Social media and Fourth Wave feminism gave women’s issues visibility like never before, making many of us actively listen. But in this crowd of information, in a myriad of viewpoints, opinions and judgements, it is easy to get confused about what feminism is nowadays.
Well, a uniform answer to that doesn’t exist anyway: feminisms clash with each other; they disagree and argue on what we should stand for and what we should fight against. There are, however, some universal ‘truths’ that most women believe in, some absurdities that we want to disarm collectively. This year’s Women’s History Month, I want to recommend three books that had helped me to understand (and question!) the fundaments of the feminist world, and that can help you begin your feminist journey.
We Should All Be Feminists by Chimamanda Ngozi Adichie
It was the first feminist book I had caught in my hands (or, as I believe now, it had found me when I most needed it). This short essay is an easy-to-follow and rich explanation of how the word ‘feminist’ is still used as a curse word, and stereotypes continue to overshadow its true meaning. It is not hatred to men; it is not all about unshaved legs and bras in flames. As Adichie says, “I would now call myself a happy African feminist, who does not hate men, and who likes lip gloss, and who wears high heels for herself but not for men,” meaning that being a feminist has no specific shapes, frames or faces. Being a feminist is to pick up a fight against inequality, first and foremost. (Available in a TED talk form here).
Feminists Don’t Wear Pink (and Other Lies) by Scarlett Curtis
If I found this book as a teenager, I’m sure many of my experiences would have been completely different. But reading it in my 20s had contributed to widening my viewpoint, nevertheless. This collection of essays is a great illustration of feminism, essentially, being what you’ll make it. It can vary from mine, but I will still call you my sister; we can disagree and still walk the same path to dismantle patriarchy; we can live on different continents but stand firmly behind what we together believe in. Through this book, Curtis emphasises that “(…) if we have any hope of achieving anything, we must do it together.” All you have to do is grab this book, wear pink (or not!), and join the resistance.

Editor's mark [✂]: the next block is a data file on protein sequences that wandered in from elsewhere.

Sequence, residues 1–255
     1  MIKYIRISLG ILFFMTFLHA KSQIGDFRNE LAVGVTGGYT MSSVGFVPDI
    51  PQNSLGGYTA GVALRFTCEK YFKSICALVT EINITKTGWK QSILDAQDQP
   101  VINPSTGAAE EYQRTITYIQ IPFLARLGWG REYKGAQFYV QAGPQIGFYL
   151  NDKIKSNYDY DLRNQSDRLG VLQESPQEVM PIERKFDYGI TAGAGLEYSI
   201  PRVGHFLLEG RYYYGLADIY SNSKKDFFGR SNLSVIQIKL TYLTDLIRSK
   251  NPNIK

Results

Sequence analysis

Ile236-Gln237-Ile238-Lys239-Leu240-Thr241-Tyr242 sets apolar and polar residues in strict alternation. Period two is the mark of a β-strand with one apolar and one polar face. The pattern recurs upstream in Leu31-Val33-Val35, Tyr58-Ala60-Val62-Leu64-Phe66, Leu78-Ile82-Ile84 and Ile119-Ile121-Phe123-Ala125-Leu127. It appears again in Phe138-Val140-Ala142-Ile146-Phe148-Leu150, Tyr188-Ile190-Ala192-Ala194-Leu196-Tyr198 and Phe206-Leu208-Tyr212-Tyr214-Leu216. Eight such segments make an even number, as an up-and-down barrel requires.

Feminism Is For Everybody by bell hooks
Written by a feminist legend, a woman of colour that emphasis on inclusivity makes reading her books a personal experience, this short book is a feminism 101 textbook. Page by page, with every asked by hooks question, I felt that she just named every feeling I had struggled to put my finger on while growing up. Have you ever thought that it is not fair that boys can be loud and free, but girls should always remain well-behaved? YES. Have you ever wondered why domestic work is being disregarded, and why women are expected to handle it while going to ‘a real job’ at the same time? YES! There are so many mechanisms that we sadly got used to; we don’t ask why. In this book, hooks challenges us to begin to question it, oppose it, change it. If you want to start saying ‘no’ to the unfair systems, this book is a great place to start.
If books are not enough and you long for a real-life conversation with like-minded women, visit our Feminist Society page and join our UoL sisterhood.